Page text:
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A recent study by Johns Hopkins Medicine researchers provides evidence that CD4+ T lymphocytes — immune system cells also known as helper T cells — produced by people who received either of the two available messenger RNA (mRNA) vaccines for COVID-19 persist six months after vaccination at only slightly reduced levels from two weeks after vaccination and are at significantly higher levels than for those who are unvaccinated.
The researchers also found that the T cells they studied recognize and help protect against the delta variant of SARS-CoV-2, the virus that causes COVID-19. According to the U.S. Centers for Disease Control and Prevention, the delta variant — currently the predominant strain of SARS-CoV-2 in the United States — causes more infections and spreads faster than earlier forms of the virus.
“Previous research has suggested that humoral immune response — where the immune system circulates virus-neutralizing antibodies — can drop off at six months after vaccination, whereas our study indicates that cellular immunity — where the immune system directly attacks infected cells — remains strong,” says study senior author Joel Blankson, M.D., Ph.D., professor of medicine at the Johns Hopkins University School of Medicine. “The persistence of these vaccine-elicited T cells, along with the fact that they’re active against the delta variant, has important implications for guiding COVID vaccine development and determining the need for COVID boosters in the future.”
To reach these findings, Blankson and his colleagues obtained blood from 15 study participants (10 men and five women) at three times: prior to vaccination, between seven and14 days after their second Pfizer/BioNTech or Moderna vaccine dose, and six months after vaccination. The median age of the participants was 41 and none had evidence of prior SARS-CoV-2 infection.
CD4+ T lymphocytes get their nickname of helper T cells because they assist another type of immune system cell, the B lymphocyte (B cell), to respond to surface proteins — antigens — on viruses such as SARS-CoV-2. Activated by the CD4+ T cells, immature B cells become either plasma cells that produce antibodies to mark infected cells for disposal from the body or memory cells that “remember” the antigen’s biochemical structure for a faster response to future infections. Therefore, a CD4+ T cell response can serve as a measure of how well the immune system responds to a vaccine and yields humoral immunity.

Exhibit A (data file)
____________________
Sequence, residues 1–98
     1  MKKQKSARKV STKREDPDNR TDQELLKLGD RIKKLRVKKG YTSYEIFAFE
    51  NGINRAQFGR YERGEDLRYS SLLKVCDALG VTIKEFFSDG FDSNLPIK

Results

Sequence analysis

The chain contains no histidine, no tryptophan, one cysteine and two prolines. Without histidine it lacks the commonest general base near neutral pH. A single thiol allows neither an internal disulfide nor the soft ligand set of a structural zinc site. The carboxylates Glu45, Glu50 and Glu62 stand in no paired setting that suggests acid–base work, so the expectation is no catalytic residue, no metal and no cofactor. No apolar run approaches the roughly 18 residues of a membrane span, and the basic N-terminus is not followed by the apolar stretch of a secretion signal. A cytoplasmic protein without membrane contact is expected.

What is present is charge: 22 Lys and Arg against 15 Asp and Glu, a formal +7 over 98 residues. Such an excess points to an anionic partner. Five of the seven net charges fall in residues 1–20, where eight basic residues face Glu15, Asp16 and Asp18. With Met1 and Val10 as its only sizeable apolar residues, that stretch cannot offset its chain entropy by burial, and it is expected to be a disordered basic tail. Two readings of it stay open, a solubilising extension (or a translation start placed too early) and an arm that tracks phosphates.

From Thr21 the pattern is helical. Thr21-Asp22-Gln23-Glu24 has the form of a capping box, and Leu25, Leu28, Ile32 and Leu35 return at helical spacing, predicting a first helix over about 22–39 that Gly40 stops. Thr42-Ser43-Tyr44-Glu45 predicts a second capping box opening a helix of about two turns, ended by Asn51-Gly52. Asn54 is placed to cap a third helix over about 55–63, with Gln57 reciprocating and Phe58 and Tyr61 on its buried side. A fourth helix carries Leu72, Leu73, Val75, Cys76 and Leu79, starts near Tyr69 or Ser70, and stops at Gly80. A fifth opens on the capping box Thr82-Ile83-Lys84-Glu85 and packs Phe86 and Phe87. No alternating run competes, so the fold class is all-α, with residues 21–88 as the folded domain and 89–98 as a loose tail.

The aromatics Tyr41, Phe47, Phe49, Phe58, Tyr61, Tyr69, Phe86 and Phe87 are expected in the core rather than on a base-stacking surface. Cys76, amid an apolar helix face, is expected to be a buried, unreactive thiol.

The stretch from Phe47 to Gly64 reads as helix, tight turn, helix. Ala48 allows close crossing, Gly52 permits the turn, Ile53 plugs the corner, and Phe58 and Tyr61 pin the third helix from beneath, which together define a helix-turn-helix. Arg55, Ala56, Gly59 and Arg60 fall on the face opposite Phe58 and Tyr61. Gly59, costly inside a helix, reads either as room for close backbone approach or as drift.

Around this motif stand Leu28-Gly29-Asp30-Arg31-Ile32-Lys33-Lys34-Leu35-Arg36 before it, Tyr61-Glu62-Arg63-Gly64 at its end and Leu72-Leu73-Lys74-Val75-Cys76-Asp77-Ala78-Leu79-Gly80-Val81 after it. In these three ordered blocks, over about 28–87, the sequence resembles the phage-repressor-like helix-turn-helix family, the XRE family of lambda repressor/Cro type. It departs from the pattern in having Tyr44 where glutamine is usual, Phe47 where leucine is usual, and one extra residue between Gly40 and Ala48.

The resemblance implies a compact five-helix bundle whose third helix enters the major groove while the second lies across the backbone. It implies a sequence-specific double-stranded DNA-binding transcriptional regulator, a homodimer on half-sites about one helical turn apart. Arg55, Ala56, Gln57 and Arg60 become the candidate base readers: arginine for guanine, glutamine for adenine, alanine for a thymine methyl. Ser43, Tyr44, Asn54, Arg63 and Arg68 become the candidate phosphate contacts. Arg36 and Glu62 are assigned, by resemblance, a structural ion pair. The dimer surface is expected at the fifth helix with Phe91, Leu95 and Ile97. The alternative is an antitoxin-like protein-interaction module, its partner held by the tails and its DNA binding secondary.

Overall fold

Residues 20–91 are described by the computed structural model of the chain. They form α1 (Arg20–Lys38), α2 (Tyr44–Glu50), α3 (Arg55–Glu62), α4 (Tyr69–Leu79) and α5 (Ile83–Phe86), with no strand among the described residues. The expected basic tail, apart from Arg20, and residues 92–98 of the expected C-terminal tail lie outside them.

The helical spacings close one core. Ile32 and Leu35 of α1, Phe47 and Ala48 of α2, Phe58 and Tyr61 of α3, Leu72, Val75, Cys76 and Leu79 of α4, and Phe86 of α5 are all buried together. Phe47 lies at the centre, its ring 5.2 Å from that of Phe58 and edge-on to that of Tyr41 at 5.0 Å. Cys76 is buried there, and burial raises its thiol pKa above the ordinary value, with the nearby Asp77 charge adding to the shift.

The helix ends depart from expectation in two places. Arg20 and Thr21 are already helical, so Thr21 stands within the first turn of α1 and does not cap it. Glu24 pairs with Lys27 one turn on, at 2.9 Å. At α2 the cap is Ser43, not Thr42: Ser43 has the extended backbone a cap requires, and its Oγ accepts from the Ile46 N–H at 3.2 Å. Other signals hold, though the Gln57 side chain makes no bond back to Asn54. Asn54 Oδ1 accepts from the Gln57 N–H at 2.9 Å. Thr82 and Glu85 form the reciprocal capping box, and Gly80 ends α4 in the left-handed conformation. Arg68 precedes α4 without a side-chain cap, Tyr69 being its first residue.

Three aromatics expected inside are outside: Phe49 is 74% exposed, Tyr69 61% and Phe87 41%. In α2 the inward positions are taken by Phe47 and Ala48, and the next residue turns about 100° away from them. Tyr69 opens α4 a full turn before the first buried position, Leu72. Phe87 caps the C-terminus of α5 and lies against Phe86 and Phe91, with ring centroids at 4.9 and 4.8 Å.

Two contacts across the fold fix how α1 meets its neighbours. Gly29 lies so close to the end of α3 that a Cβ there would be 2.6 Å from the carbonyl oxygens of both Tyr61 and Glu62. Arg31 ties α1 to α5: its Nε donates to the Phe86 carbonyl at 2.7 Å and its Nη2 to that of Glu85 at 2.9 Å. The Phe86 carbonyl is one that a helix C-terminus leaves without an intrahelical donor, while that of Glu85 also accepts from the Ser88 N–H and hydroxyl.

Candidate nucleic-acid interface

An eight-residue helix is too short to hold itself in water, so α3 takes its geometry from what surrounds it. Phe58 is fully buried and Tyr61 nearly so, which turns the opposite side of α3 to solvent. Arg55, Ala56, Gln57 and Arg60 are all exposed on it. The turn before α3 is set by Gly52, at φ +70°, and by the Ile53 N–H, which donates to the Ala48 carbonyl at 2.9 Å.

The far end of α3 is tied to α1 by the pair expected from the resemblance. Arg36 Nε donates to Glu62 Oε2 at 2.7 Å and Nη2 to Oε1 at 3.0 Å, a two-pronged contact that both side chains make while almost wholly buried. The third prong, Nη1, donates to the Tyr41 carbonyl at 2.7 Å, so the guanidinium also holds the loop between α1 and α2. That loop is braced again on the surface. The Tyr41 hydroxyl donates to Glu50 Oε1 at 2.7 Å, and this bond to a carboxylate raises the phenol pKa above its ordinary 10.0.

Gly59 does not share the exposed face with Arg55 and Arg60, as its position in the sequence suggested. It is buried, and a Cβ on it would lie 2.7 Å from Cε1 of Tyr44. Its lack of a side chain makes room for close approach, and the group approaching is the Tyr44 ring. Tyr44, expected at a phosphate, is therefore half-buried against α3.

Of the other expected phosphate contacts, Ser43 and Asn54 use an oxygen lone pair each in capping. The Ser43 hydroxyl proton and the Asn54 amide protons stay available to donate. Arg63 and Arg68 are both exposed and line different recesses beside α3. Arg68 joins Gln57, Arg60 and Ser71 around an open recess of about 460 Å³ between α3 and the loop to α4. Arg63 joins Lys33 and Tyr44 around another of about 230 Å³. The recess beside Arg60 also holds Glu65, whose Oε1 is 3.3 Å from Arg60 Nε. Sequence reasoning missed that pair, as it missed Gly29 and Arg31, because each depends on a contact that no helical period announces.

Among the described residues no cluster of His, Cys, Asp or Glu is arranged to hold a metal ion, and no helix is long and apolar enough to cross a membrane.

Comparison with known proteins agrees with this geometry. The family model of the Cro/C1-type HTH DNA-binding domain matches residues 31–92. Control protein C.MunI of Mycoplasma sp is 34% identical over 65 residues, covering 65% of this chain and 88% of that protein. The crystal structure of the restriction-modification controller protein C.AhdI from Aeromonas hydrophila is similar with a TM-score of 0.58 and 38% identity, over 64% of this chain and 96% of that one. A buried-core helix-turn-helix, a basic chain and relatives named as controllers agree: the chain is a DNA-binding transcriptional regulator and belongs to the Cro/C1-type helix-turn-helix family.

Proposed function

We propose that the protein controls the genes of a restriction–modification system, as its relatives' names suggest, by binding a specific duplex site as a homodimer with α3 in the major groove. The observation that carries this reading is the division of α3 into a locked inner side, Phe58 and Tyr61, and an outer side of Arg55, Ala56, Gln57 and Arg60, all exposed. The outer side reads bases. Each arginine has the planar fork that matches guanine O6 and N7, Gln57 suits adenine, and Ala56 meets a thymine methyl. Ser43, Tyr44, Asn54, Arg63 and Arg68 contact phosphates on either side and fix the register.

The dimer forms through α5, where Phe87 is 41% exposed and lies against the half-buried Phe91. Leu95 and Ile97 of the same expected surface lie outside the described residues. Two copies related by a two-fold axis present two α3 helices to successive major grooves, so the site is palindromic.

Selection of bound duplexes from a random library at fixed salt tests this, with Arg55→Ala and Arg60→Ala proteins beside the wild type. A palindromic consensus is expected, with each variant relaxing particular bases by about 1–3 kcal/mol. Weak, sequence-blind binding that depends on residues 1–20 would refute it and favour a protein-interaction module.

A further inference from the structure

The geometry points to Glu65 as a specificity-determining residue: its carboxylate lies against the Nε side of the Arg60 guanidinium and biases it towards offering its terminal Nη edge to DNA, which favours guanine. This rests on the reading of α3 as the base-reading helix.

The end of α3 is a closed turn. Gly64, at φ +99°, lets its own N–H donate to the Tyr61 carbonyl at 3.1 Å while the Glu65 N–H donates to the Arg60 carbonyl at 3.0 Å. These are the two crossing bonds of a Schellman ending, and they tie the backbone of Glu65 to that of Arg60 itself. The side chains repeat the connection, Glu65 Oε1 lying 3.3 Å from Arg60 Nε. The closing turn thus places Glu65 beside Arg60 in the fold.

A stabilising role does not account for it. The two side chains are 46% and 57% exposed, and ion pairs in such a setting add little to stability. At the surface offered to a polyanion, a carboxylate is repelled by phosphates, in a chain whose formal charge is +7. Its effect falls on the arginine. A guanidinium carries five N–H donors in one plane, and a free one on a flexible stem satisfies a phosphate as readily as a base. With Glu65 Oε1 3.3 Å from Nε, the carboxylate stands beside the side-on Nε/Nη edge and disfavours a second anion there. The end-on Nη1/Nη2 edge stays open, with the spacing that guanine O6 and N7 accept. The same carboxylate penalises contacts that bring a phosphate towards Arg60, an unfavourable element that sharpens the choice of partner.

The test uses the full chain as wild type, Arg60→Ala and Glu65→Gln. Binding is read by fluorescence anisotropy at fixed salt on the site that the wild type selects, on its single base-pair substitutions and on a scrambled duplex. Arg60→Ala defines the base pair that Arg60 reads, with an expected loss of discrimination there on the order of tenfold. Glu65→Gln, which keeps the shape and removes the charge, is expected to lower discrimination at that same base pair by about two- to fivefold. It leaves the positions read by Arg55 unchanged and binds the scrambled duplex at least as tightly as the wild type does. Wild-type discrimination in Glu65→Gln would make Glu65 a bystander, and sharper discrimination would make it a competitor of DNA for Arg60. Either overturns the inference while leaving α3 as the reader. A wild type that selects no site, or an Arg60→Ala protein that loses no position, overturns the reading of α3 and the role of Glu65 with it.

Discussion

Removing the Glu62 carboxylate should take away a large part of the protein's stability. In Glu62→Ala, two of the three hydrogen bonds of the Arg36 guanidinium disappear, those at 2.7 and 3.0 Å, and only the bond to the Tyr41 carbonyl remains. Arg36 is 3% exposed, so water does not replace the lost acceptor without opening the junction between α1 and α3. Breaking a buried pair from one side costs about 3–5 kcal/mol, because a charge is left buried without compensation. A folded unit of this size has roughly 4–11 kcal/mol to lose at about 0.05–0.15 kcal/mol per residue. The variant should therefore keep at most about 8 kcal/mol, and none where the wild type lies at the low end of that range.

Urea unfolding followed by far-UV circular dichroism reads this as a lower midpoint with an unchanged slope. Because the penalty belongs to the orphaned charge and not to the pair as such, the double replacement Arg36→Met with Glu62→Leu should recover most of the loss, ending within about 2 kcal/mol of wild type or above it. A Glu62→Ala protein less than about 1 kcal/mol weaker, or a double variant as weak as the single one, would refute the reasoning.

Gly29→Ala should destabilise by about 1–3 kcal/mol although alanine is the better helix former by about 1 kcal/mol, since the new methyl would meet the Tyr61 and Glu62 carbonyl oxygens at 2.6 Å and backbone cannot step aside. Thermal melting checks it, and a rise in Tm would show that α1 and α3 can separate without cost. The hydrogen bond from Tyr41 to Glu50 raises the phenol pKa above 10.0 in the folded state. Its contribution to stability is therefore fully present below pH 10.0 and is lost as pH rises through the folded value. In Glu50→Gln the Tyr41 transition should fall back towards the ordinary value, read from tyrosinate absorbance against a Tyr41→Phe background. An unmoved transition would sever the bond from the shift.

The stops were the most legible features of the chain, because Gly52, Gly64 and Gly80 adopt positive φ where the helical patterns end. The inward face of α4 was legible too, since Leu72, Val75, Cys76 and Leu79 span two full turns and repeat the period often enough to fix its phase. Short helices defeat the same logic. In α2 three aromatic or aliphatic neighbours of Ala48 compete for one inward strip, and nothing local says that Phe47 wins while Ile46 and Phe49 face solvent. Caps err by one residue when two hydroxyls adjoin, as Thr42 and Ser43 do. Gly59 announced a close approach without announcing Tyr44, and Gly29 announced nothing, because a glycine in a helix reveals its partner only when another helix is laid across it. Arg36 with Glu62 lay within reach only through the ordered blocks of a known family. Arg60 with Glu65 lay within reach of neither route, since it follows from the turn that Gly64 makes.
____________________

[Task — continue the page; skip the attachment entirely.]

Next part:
In their study, Blankson and colleagues found that the number of helper T cells recognizing SARS-CoV-2 spike proteins was extremely low prior to vaccination — with a median of 2.7 spot-forming units (SFUs, the level of which is a measure of T cell frequency) per million peripheral blood mononuclear cells (PBMCs, identified as any blood cell with a round nucleus, including lymphocytes). Between 7 and 14 days after vaccination, the T cell frequency rose to a median of 237 SFUs per million PBMCs. At six months after vaccination, the level dropped slightly to a median of 122 SFUs per million PBMCs — a T cell frequency still significantly higher than before vaccination.
The researchers also looked six months after vaccination at the ability of CD4+ T cells to recognize spike proteins atop the SARS-CoV-2 delta variant. They discovered the number of T cells recognizing the delta variant spike protein was not significantly different from that of T cells attuned to the original virus strain’s protein.
Although the study was limited because of the small number of participants, Blankson feels it pinpoints areas that merit further research.
“The robust expansion of T cells in response to stimulation with spike proteins is certainly indicated, supporting the need for more study to show booster shots do successfully increase the frequency of SARS-CoV-2-specific T cells circulating in the blood,” says Blankson. “The added bonus is finding that this response also is likely strong for the delta variant.”
Along with Blankson, the members of the study team from Johns Hopkins Medicine are study lead author Bezawit Woldemeskel and Caroline Garliss.
This study was supported by the Johns Hopkins COVID-19 Vaccine-related Research Fund.
The authors do not have financial or conflict of interest disclosures.
Clinical Infectious Diseases